Guest post by John Di Saia, MD
Hospital administrators have an agenda that's not always aligned with yours.
I used to do emergency work at a hospital in a large chain. It was hardy profitable and became less so over time. When I moved an hour away I sought to limit my emergency exposure for obvious reasons. The hospital administration cited sections of the Bylaws and Rules and Regulations that mandated that surgical specialists take call. This was specified for Plastic Surgery and Orthopedics.
Later and entirely by accident, I found out that the Orthopedists were being paid to take this emergency call by the same administration that was citing those hospital documents. Essentially they were being paid to take call from 15 minutes away whereas I was required to take call for free from four times the distance. Needless to say I dropped that hospital after briefly entertaining legal action. So soon after my divorce I hardly wanted to enrich another attorney. They are much smarter about getting paid than physicians are. I did inform a contact at the local newspaper who passed on the story stating that the public doesn't really care if a doctor gets screwed over. I found that a bit amusing.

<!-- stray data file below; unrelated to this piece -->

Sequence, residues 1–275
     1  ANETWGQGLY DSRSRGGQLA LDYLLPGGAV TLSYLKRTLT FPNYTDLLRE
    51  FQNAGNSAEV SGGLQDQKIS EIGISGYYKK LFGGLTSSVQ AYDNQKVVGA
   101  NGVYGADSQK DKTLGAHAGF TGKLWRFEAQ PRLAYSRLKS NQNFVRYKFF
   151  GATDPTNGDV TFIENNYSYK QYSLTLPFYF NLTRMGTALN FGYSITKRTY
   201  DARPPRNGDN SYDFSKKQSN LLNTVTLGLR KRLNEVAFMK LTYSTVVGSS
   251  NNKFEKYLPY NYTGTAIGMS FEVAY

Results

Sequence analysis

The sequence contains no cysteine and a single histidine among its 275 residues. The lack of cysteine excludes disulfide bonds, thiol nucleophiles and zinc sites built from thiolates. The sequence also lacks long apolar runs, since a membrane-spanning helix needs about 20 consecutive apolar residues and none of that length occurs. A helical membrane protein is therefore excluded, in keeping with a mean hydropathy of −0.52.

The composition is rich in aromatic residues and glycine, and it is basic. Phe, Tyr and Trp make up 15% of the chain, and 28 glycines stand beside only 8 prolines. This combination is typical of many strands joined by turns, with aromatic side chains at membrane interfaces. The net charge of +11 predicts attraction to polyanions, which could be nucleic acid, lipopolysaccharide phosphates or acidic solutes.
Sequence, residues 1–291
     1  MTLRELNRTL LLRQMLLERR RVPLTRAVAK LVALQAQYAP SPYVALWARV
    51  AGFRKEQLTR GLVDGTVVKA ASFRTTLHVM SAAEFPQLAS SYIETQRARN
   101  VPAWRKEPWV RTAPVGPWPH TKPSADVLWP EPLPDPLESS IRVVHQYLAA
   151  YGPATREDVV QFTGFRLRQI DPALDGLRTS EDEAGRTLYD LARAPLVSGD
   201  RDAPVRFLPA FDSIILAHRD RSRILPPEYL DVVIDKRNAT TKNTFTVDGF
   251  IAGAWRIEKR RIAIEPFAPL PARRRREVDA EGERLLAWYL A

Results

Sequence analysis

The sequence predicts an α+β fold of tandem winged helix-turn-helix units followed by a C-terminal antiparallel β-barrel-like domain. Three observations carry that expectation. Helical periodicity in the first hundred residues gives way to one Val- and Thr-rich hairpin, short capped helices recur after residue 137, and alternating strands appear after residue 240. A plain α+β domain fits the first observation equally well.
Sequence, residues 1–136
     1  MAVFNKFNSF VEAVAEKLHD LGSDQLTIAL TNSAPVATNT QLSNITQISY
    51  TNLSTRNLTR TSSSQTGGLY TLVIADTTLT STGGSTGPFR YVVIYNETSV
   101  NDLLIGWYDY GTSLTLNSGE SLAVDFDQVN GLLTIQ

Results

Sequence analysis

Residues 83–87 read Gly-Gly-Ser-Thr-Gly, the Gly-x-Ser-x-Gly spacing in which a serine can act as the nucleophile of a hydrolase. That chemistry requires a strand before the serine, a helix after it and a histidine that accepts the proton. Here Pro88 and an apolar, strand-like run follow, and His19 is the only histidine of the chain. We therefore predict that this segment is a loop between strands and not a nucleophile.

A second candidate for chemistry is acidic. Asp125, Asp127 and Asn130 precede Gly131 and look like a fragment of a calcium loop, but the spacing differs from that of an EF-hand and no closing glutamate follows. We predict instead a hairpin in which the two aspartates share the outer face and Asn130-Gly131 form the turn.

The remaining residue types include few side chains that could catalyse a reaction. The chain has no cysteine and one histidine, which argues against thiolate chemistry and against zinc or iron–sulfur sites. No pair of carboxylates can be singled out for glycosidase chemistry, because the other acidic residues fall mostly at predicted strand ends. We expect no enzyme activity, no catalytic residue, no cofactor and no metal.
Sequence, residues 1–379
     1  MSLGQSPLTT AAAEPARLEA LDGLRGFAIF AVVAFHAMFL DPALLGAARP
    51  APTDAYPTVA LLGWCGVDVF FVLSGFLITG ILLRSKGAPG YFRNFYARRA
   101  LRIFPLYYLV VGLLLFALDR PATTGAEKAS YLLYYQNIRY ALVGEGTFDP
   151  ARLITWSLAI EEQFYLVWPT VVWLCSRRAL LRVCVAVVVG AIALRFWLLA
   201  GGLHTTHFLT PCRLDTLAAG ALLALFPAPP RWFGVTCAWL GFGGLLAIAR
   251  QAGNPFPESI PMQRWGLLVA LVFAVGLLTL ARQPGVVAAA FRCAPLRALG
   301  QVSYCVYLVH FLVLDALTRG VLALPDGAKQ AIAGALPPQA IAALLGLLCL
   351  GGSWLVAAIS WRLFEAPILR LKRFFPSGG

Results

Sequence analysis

As the story evolved I extended my practice up the street not so far away and something similar almost happened again. This time the administration in my new acute care hospital sought to get into an arrangement with me to take call. They were very quick to stipulate that this arrangement was to be secret. It was to involve some kind of payment from the hospital. The thought left a bad taste in my mouth. Emergency call is a loser. I just stopped taking it.
The moral of this story is that you should not expect hospital administrators to be honorable people. Entering into any kind of business arrangement with them especially a secret one is liable to be unfair, unjust or just plain illegal. You might want to avoid that.
About: John DiSaia MD is a plastic surgeon and blogger who also writes at Medical Spa MD.